PAINT WORKSHOP: “Working with Grounds”

In this workshop, I explored and made notes on the use of grounds in painting. It is a subject that until now I wasn’t particularly knowledgeable of. I was aware that different coloured grounds were used under paint but it was interesting to learn, that we use grounds in painting for a vast variety of reasons.

Painting a coloured ground onto a piece before you produce the painting changes the colour of the paint applied and as a result changes the outcome of the work. For example, to achieve the maximum luminosity of colour and to create a vibrant outcome, you would paint a white ground to work on. Impressionists introduced the idea of working on a white ground as they desired extremely bright colourful  characteristics within their work. I learnt that working with mid-tone grounds can be beneficial for darker paintings and make the colours you apply look duller and more subdued. An artist that sprung to the mind of the tutor that uses mid tone and dark grounds to work on was Rembrandt. Rembrandt is famous for creating  a lot of depth in the backgrounds of his art. This is down to the use of many thin glazes and painting on many thin grounds to build up a dark background that you feel you are looking deep into. To me, the background of Rembrandt’s work looked as if he had made his own Black and worked with it. It was intriguing to find out that this wasn’t the case and that so much effort had gone in to working into a part of the painting that many of us don’t consider to be as important.


Rembrandt, Hendrickje Bathing in a River, 1654

Using a ground, changes the colour of the glazes you apply. Green was the last colour to be produced/manufactured and was extremely hard to get hold of. Artists cleverly used a Blue ground and painted a yellow on top to create the green tones that they desired within their paintings. In this workshop, another thing I learnt was that using a Cadmium yellow ground does extremely odd things to the colours you apply on top. Painting a cadmium yellow ground is traditionally something you don’t do, but for some artists the outcome is a preferred and desirable effect. Many artists work with a tinted ground, usually a white base with a hint of colour added to it.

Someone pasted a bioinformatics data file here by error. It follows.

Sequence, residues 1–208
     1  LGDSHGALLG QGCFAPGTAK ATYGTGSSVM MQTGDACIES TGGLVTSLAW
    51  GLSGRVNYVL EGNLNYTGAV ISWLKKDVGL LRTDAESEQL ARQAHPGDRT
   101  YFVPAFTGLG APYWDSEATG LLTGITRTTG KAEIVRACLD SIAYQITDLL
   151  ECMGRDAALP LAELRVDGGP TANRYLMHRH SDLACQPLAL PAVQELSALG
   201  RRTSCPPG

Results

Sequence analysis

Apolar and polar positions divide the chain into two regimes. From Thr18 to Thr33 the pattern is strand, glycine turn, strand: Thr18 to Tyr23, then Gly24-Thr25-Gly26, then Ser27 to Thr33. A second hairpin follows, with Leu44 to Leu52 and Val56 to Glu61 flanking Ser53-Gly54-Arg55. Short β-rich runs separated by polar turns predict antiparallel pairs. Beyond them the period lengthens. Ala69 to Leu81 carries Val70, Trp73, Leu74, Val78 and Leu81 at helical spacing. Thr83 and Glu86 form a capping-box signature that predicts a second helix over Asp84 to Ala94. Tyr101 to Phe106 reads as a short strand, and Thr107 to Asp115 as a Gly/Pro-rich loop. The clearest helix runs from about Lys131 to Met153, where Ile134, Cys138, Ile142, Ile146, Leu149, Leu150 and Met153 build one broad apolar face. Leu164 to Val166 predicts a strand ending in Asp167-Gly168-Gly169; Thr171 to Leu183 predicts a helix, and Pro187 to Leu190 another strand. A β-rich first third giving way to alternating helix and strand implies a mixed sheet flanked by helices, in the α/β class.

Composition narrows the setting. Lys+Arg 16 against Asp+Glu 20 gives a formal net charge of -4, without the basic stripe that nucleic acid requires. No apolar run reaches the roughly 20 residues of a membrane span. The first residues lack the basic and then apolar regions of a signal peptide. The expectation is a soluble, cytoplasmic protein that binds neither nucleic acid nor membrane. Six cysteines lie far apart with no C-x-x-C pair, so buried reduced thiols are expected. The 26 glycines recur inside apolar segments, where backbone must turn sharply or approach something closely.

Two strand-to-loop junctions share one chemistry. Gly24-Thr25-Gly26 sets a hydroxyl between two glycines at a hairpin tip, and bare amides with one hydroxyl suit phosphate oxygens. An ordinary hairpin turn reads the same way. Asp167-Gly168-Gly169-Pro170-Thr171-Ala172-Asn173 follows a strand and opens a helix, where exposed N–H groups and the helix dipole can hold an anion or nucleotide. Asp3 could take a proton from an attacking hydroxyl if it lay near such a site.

Interestingly, I found it fascinating that you could use two different grounds on one canvas or panel. For example if you were painting a landscape you may want to use a mid-tone ground for the foreground and a blue ground for the sky area.

As well as to achieve certain colour outcomes, I found out that grounds are also used to control the absorbency of the surface of a board or a canvas. Gesso grounds are highly absorbant, they absorb oil colour incredibly well and almost make it look like watercolour.  Gesso ground is only to be used with Oil paint, all other grounds can take oil paint too as long as they are fully dry. People use specific materials that have man-made surfaces because they desire the fact that it has no absorbance, a quality you may use if you liked the paint to stay wet and move around on the surface a lot. When painting, the surface has to have some sort of texture. Canvas has a texture, working on different surfaces changes the mark that is made.

I was informed that grounds do not have to be a flat surface, you can use textured grounds and make them up yourself. For example, glue and sawdust. You may want to work on a ground that contains brush marks or sand to achieve a certain result from working with a particular texture. Acrylic grounds dry incredibly quickly, which is both an advantage of them and a disadvantage. Obviously you can work on top of them quickly, but if you don’t like them later on you cannot just take them away. Gesso ground have a lot of preparation to them and dry incredibly slowly. How you apply a ground is highly important, for example, the brush you use has an effect on the surface of the ground. The ground is also different depending on how it is applied, it would be a completely different surface if you applied it with a palette knife. The way you use the materials affects the ground too, long brushstrokes would give a vastly different result to stippling.